Adapting to the exuberant Brazilian way of life in Rio de Janeiro
Rosie Ubacher presents a photographic homage to her new home in Brazil
I FIRST WENT TO RIO DE JANEIRO
for the World Cup four years ago, with my husband and a bunch of friends. We absolutely fell in love with the city, so much so that we ended up impulsively buying an old, ramshackle house in the same neighbourhood that had got us hooked in the first place: Santa Teresa. High up in the hills with breathtaking views over the rest of the city, it was once an area where the wealthy built their mansions. It’s still full of crumbling colonial properties with ornate façades and romantic balconies. These days, it’s also a haven for the city’s artist types. It’s Rio’s bohemian quarter. It has taken us a good few years to renovate the house, and over that time I’ve learnt so much about Rio and the unique way of life here. I think the biggest thing Brazil has taught me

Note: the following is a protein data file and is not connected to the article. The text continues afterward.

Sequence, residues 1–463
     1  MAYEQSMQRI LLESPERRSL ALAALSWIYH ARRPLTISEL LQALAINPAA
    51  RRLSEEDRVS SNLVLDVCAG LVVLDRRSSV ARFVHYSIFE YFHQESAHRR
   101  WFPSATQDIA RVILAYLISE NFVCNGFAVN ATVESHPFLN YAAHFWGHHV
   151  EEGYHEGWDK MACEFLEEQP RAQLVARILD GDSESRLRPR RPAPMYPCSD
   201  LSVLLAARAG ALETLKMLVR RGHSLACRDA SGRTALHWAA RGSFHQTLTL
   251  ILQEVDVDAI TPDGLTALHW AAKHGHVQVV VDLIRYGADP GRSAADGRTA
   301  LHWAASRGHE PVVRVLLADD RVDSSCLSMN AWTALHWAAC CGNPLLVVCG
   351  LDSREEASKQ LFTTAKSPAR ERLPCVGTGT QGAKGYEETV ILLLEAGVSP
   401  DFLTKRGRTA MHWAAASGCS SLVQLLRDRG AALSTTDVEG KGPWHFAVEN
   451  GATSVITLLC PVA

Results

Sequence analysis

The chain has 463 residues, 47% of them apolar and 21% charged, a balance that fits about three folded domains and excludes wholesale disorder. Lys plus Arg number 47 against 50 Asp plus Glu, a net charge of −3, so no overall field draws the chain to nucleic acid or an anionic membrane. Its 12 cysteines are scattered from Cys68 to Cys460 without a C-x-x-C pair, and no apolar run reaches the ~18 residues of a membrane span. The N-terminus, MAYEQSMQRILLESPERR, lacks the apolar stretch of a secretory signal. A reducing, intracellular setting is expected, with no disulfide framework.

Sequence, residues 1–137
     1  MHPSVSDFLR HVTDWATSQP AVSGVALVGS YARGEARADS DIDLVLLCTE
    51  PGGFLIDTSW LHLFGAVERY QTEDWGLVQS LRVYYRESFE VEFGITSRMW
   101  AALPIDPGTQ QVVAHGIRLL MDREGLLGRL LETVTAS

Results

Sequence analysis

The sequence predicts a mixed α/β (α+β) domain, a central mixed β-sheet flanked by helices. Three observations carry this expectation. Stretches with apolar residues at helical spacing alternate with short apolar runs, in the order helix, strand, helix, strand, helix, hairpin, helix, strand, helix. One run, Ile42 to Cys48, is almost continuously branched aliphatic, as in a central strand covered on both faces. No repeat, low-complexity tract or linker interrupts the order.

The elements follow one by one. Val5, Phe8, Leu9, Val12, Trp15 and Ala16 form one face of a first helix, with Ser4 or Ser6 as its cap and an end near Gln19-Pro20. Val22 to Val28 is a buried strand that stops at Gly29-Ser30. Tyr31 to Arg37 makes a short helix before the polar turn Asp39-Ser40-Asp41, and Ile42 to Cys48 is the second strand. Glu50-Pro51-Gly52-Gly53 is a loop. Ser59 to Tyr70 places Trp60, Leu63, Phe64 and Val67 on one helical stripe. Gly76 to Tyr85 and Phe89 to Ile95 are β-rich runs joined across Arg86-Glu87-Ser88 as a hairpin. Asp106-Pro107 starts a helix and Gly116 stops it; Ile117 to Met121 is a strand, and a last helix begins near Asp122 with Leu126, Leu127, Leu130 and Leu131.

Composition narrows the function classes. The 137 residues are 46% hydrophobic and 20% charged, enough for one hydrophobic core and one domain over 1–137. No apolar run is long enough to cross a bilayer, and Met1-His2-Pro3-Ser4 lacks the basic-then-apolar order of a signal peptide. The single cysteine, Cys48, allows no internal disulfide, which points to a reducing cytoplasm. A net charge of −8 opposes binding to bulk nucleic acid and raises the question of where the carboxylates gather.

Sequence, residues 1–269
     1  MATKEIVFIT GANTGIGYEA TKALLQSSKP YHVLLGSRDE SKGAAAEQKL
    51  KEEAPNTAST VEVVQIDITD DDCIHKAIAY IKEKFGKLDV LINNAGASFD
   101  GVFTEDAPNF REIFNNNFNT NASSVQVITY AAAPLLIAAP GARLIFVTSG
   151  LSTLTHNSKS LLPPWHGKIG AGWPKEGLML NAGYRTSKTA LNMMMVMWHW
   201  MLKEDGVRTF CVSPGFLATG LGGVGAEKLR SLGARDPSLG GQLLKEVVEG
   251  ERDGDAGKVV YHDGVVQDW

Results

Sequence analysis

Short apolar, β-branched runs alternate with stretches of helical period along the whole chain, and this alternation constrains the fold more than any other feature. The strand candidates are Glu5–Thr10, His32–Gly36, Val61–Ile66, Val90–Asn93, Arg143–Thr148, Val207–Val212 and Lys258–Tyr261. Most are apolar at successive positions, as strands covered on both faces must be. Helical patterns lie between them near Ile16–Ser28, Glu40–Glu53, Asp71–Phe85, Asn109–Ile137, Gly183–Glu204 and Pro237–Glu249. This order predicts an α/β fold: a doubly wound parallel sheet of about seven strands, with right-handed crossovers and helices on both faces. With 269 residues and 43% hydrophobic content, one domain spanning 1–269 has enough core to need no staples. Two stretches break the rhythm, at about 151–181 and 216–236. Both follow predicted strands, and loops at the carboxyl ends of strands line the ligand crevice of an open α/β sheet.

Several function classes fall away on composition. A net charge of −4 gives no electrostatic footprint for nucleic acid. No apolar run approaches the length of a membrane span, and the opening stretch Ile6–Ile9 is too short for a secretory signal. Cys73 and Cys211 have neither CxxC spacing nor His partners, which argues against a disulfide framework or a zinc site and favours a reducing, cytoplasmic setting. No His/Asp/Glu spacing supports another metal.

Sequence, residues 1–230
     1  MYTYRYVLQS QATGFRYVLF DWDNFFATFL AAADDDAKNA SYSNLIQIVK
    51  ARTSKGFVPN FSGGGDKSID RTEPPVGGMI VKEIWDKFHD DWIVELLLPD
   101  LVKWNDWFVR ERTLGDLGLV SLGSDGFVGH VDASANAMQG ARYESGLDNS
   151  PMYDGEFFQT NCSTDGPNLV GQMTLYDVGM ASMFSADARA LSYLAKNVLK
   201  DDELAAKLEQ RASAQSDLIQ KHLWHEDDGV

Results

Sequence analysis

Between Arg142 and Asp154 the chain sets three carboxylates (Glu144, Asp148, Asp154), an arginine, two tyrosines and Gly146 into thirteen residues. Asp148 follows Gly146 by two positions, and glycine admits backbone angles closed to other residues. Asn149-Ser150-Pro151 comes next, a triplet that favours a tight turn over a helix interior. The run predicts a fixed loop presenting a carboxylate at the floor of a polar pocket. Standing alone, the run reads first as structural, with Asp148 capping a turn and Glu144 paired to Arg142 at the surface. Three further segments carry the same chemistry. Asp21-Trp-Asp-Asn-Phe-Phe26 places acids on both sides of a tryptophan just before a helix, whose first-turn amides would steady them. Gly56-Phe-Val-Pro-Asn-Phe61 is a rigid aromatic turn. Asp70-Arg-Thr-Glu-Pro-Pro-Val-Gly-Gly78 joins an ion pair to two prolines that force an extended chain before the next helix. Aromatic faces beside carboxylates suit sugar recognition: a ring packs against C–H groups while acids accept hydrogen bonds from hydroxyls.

is to relax, take it easy and enjoy life the way the locals do. No matter who you are, however rich or poor, young or old, the Cariocas (as the residents of Rio are called) love beer, samba and the beach. All beaches are public land in Brazil, and they’re a part of daily life for citizens here: there’s a real culture of hanging out on the sand and enjoying the sun or the cooler air in the evening. There are lots of other surprises in Rio, too. The palm tree-lined streets of Santa Teresa are packed with vintage, brightly coloured Beetles. There are about 300 in this neighbourhood alone! What’s more, the rehearsals for Rio Carnival are some of the best street parties you’ll ever come across. They’re open to the public every Sunday leading to parade day, and everyone turns up to drink shedloads of caipirinhas. Altogether, Rio really is such an exuberant, joyful place and there’s nowhere that’s more apparent than in everyone’s obsession with sport, particularly football. People get so excited about games – playing them, watching them, talking about them. There’s a real joie de vivre in the city that’s hard to match.